Mister Fantastic, Reed Richards.
Has he died? Sort of. At one time it was thought that Reed and Dr. Doom killed each other, but it turned out they were sent off into time. Also, the entire Fantastic Four was thought killed during the horrific Heroes Reborn event in the 90s.
Would it be a big deal if he died? Potentially to the Marvel Universe. Even though Reed has never cured cancer or solved world hunger, he’s the smartest guy on the planet and represents man’s best hope for making a better future through science. In terms of the team - probably not that big a deal at this point.
The Invisible Woman, Sue Storm Richards.
Has she died? Not really. They tricked us into thinking she might, but it turned out to be a Sue Storm from 500 years in the future. Don’t ask. She has, however, become evil and pranced around in sexy bondage outfits as Malice, which probably made her want to die. Also, all of the Fantastic Four were thought dead during the horrible ‘Heroes Reborn’ storyline, but I think everybody is supposed to just forget about that.
Would it be a big deal if she died? For the team, yes. The Fantastic Four are a family and if Reed is the semi-absent father, Sue is the glue that holds everybody together. The team’s roughest personal patches have almost always centered around Sue’s problems, like her miscarriage and her days as Malice.
The Human Torch, Johnny Storm.
Has he died? Weirdly, not yet. Unless we count the fact that all of the Fantastic Four were thought dead during the horrible ‘Heroes Reborn’ storyline, but I think everybody is supposed to just forget about that.
Would it be a big deal if he died? It’s hard to imagine anybody caring. The Human Torch has not been a player of any sort in the Marvel Universe for a long time. He’s beloved on the team, and I guess his death would be a big deal to the other characters (as again, he’s one of the few comic characters I can think of who hasn’t died), but it doesn’t feel like something that shakes the book to the core. What would be interesting is that if he died there could be an argument that Marvel continues the gritting up of their world by killing one of the ‘fun’ characters. As this is the ‘Heroic Age’ or something over there, that would be against what they’re supposedly trying to do with their titles.
The Thing, Ben Grimm.
Has he died? Not yet. He did take a long break on Battleworld, the planet made by the Beyonder for Secret Wars. And as with everybody else, he was thought to be dead by the populace as a result of the industry-ruining Heroes Reborn event.
Would it be a big deal if he died? I don’t know, but he isn’t dying. He was shown as being one of the key players in Marvel’s next ‘event,’ Fear Itself. Don’t believe me? Check this out:
So who dies?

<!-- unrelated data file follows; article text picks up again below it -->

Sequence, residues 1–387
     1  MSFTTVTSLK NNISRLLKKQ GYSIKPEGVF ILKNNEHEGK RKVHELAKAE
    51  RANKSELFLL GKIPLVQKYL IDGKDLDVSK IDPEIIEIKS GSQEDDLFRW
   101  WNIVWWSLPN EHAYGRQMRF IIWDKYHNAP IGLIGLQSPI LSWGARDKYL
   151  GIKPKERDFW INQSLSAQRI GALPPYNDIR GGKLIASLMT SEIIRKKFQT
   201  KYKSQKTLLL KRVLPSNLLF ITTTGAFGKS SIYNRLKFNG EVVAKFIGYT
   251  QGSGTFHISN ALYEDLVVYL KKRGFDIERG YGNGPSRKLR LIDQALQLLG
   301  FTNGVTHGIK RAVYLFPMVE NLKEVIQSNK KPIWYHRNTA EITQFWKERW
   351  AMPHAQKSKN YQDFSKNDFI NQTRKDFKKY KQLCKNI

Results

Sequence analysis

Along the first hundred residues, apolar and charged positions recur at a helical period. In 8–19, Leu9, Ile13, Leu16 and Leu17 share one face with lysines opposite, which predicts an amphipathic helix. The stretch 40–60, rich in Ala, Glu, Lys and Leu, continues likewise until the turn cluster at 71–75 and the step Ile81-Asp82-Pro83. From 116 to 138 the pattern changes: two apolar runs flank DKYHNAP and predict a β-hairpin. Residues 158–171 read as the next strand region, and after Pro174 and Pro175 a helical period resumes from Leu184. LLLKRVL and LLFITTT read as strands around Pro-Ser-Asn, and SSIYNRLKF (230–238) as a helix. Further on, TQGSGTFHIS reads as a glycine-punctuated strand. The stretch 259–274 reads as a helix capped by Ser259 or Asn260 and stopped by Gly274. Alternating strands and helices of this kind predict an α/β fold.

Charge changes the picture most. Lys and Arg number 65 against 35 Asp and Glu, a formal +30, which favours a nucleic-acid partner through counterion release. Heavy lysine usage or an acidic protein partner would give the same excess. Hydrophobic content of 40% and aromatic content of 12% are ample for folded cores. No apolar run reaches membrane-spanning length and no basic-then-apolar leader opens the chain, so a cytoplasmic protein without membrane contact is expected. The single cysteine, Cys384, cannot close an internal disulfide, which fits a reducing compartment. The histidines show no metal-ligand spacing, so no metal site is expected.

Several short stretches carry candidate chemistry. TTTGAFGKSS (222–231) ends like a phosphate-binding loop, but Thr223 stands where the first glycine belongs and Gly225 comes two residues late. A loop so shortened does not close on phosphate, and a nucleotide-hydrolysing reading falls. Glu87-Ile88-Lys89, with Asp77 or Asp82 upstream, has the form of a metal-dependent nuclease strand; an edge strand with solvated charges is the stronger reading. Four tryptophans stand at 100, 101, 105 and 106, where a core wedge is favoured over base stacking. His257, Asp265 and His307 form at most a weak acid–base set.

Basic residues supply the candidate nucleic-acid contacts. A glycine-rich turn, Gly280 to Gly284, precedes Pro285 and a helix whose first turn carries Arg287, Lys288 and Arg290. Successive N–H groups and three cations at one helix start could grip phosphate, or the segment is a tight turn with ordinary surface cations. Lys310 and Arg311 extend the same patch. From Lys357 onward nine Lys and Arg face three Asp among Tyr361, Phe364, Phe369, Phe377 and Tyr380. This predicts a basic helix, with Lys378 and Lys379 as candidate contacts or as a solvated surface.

My guess: Sue Storm. Also, nobody. The death of Sue would be a big deal for the team and would allow the book to spin out a year of stories, at least. Reed would be destroyed and it would be interesting to see him tackling magic and religion along with science to get his wife back. Johnny would be totally messed up, but maybe the way she dies could be the catalyst the character needs to get out there into the Marvel Universe more than he has been. And The Thing would be a wreck, and would maybe even leave the team - again - to go do some soul searching.
But of course she won’t stay dead. Ed Brubaker’s run on Captain America took a page from DC longform events like The Death of Superman and Batman: Knightfall but stepped up the game. He killed Captain America, replaced him and spent years playing the story out (quite well, I have to admit, although I wasn’t totally sold on the finale of Captain America: Reborn). I bet the death of this character will be just as longform a story (in fact I wonder if The Thing’s presence in Fear Itself doesn’t spring from the death of the FF member), but within three years everything will be at status quo again.
This, really, is the problem with the two major superhero universes. As much as Marvel’s Joe Quesada loves talking about change, everything is just a loop around back to the original status quo. I like a lot of what Marvel did in the last two years on a meta-story level, with Norman Osborne becoming the leader of a new, evil Avengers and other fallout from Civil War, but the reality is that none of this stuff sticks. If you don’t like something that’s happening in your favorite comic or universe, wait it out - it’ll be back to what you liked eventually.
So go bravely into that dark, temporary night, member of the Fantastic Four. We’ll see you when you get resurrected in a few years.